Everything in Dewey closes at 10 or at the latest 11pm. Don''t expect any late night romps, this town goes to bed early. However, for romance or families this place is perfect. If your single looking for love, I''d reccommend you stay in San Juan. While "sleepy" Dewey does have several places to party, just not too late. The nights we were in Dewey we had no trouble finding a cold beer for $1-2.

The next morning we headed out for our SCUBA trip (see Culebra Dive Shop journal). This was to be our best dive ever. My wife is fairly small and sometimes needs a hand getting into all that heavy SCUBA gear and even into the water (have you ever tryed to walk with a pair of fins on and a 40 lb. tank on you back?). The crew was great. They saddled her up, leaving me free to better manage my own gear. Our underwater dive guide, Carlos, was wonderful. He pointed out all types of underwater treasures--fish, sting rays, eels, lobster, etc. The day could not have been any more enjoyable. While my wife and I enjoyed the underwater scenery, our travelmates snorkeled from adove. They are not "certified". . .sounds so official, but really it''s sometimes just as nice to snorkel as it is to dive, plus you don''t have to deal with all that heavy gear.

Upon our return to the dock and after getting cleaned up, we sought a place for a late lunch. . . this turned out to be a mistake. We thought we''d head to Gordo''s, an American burger-type place or so it said on the menu at the hotel. However, after what seemed like forever, but was really about an hour of walking, and walking, and walking, we never found the place. Now Dewey is not a big place, remember earlier I said that there was only three main streets. I was not exaggerating. However, all three form a kind of triangle and then "spoke" off in different directions across the island. At any rate, I don''t think that Gordo''s exists. We eventually walked back to our dive shop to ask for help. They suggested that we go to Batey, which was just what the doctor ordered!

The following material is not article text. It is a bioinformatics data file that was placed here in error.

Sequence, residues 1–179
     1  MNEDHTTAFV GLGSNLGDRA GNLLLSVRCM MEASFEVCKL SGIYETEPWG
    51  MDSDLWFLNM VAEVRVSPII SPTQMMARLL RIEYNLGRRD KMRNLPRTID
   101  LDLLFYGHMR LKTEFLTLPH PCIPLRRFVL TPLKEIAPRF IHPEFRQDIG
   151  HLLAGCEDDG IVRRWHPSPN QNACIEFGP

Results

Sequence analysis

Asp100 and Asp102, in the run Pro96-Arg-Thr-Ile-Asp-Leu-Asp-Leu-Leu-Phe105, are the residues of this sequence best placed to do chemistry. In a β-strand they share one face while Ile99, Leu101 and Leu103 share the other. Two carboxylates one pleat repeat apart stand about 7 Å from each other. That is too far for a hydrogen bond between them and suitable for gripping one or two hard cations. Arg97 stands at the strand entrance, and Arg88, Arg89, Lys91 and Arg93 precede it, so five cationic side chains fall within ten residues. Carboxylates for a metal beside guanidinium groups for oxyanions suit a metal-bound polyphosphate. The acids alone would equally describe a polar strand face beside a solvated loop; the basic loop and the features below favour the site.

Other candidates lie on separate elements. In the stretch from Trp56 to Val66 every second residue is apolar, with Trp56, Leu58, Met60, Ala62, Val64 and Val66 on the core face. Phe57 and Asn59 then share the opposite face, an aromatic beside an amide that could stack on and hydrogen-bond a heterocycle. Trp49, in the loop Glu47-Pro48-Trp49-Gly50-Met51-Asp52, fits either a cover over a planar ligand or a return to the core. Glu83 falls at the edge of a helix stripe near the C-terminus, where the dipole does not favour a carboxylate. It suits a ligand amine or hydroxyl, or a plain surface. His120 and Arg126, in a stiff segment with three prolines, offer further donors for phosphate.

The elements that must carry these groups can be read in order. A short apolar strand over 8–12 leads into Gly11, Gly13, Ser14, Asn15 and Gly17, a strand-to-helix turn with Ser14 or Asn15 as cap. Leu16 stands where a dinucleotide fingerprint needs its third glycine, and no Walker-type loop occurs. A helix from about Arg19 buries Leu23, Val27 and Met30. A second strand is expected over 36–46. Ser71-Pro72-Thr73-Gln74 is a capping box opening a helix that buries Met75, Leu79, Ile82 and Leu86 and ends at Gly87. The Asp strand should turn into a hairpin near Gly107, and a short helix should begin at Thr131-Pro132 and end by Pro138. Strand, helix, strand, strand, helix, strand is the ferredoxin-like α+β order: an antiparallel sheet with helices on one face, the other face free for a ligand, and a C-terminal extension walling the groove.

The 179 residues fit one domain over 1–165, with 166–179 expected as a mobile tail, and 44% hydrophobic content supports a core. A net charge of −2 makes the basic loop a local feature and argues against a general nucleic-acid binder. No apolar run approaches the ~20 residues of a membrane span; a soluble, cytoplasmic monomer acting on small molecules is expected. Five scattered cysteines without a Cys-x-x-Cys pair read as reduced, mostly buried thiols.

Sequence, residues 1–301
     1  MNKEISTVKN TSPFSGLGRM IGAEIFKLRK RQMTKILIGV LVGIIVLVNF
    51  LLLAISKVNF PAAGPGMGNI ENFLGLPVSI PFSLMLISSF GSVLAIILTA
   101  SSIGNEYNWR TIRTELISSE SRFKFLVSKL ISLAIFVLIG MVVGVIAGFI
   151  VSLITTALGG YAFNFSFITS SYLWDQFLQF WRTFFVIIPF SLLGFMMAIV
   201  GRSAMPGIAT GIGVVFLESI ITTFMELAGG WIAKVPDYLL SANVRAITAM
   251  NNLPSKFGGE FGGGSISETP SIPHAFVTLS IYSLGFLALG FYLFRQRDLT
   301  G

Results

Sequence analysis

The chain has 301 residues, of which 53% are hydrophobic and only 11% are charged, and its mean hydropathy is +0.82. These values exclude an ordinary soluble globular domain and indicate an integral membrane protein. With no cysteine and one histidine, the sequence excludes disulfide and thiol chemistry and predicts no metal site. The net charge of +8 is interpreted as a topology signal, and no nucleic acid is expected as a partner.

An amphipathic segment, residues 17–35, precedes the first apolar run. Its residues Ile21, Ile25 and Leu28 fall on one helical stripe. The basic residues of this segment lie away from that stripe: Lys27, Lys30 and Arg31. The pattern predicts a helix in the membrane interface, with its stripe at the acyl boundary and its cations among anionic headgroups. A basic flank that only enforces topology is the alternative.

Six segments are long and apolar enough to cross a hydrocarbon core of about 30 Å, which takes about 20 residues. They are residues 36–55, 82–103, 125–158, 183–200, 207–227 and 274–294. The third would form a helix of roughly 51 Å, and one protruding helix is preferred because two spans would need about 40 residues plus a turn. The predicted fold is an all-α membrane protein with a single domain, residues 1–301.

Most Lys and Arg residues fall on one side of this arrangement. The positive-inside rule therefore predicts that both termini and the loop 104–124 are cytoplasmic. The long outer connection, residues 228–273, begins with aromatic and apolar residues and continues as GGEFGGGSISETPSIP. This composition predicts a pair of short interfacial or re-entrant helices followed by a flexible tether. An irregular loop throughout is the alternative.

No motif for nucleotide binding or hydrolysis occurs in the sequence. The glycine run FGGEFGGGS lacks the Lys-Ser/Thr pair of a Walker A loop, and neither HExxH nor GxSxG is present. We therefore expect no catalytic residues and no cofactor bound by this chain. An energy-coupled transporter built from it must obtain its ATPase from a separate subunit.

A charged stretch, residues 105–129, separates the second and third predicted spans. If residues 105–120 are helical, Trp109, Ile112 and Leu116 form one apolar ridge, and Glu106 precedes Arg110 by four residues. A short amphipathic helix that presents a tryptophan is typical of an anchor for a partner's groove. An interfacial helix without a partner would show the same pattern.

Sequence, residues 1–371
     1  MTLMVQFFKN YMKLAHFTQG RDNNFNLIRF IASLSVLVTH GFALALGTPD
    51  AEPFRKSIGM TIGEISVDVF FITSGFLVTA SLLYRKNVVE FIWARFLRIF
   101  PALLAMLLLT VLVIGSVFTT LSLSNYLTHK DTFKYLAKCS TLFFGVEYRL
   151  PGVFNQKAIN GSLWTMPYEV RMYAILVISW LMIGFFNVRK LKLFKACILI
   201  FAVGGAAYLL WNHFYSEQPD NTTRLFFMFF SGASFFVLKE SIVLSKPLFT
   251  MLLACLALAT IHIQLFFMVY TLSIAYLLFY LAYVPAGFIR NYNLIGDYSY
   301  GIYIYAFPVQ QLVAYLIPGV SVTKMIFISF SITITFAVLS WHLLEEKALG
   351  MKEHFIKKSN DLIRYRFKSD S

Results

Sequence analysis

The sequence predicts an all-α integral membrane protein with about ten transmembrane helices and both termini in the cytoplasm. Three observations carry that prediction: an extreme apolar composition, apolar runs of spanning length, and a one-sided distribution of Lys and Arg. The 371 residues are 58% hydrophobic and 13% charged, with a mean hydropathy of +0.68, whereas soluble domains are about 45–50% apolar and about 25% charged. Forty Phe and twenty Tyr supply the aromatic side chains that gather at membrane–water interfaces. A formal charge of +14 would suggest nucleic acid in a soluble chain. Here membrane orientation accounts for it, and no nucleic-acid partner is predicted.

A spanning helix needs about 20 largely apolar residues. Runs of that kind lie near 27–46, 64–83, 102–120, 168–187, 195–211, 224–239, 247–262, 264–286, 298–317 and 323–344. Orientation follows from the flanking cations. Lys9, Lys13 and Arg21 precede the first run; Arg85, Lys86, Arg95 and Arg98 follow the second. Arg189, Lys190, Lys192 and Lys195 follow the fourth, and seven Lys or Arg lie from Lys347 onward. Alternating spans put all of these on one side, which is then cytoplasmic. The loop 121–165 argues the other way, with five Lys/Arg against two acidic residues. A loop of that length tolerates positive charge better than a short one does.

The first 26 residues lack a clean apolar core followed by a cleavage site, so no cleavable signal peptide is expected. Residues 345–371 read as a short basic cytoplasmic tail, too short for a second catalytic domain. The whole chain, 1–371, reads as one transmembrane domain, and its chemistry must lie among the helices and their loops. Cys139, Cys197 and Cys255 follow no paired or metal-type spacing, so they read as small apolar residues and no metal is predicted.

About two blocks from the Culebra Dive Shop, a couple of burgers and beers later we were feeling like new people. After lunch we thought it was a good time to do some souvenir shopping. Shopping on Culebra is rather limited (like two or three stores), two additional places by the pier open when the ferry is arriving.

Culebra is one of the most unspoiled points I''ve seen in the Caribbean. There are some of the most beautiful and secluded beaches in the world on this island. You will most likely have to hike a little to get to them, but with a little adventurous spirt, you will find the all the great qualities of this small charming island. If you can rent a jeep, you should. You''ll enjoy taking in all the sights that this spectacular island has to offer. While you''re there, long after sunset, take a moment to look up, enjoy the stars and take a deep breath. . .you''re on vacation. . .